v. der·o·gat·ed, der·o·gat·ing, der·o·gates
1. To take away; detract: an error that will derogate from your reputation.
2. To deviate from a standard or expectation; go astray: a clause allowing signers of the agreement to derogate from its principles during a state of emergency.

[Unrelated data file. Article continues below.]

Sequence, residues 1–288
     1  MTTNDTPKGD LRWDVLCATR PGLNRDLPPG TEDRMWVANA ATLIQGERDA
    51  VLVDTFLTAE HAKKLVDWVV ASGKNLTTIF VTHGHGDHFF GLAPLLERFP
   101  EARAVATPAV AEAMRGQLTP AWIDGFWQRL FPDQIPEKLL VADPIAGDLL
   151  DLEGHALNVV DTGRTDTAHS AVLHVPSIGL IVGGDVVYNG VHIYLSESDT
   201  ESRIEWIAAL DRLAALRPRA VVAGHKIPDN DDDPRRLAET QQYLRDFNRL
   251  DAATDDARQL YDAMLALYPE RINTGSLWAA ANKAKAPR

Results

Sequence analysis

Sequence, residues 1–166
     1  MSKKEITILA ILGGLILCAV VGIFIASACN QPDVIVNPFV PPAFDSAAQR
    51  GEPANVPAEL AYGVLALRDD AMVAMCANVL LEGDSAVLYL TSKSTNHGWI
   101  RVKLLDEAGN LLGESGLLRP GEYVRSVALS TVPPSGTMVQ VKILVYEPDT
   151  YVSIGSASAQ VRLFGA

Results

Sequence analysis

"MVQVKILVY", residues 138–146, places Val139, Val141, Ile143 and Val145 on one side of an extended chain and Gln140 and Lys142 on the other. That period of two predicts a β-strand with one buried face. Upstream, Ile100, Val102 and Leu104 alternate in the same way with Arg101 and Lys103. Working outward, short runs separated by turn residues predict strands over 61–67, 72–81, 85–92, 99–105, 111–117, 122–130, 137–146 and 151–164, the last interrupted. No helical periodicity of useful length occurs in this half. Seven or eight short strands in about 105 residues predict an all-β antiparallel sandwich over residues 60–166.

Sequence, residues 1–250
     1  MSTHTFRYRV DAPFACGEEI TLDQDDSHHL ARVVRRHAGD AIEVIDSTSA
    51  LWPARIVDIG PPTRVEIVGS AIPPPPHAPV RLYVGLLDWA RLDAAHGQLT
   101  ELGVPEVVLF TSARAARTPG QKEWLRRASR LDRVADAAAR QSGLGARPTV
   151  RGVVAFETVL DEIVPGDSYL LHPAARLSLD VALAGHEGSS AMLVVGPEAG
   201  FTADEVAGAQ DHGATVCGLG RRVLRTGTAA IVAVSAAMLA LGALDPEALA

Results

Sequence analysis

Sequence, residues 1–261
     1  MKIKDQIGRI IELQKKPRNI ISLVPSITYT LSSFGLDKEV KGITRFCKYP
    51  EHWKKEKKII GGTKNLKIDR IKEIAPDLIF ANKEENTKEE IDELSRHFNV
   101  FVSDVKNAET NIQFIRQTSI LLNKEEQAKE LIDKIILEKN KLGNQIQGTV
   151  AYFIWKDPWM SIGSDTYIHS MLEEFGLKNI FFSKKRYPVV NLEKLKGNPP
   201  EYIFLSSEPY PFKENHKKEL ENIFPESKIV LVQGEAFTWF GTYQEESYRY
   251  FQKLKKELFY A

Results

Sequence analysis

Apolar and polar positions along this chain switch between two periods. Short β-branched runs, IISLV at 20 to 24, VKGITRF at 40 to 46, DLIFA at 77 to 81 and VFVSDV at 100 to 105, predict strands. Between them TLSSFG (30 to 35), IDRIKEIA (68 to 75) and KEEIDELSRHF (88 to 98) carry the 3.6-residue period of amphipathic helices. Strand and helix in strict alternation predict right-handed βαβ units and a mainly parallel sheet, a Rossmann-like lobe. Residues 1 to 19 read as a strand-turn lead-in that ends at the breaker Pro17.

To disparage; belittle.
[Middle English derogaten, from Latin dērogāre, dērogāt- : dē-, de- + rogāre, to ask; see reg- in the Appendix of Indo-European roots.]
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